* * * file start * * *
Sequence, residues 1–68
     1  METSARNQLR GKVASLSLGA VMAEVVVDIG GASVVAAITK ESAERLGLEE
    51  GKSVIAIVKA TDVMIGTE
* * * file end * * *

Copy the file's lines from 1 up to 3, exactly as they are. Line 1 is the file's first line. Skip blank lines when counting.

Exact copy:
Sequence, residues 1–68
     1  METSARNQLR GKVASLSLGA VMAEVVVDIG GASVVAAITK ESAERLGLEE
    51  GKSVIAIVKA TDVMIGTE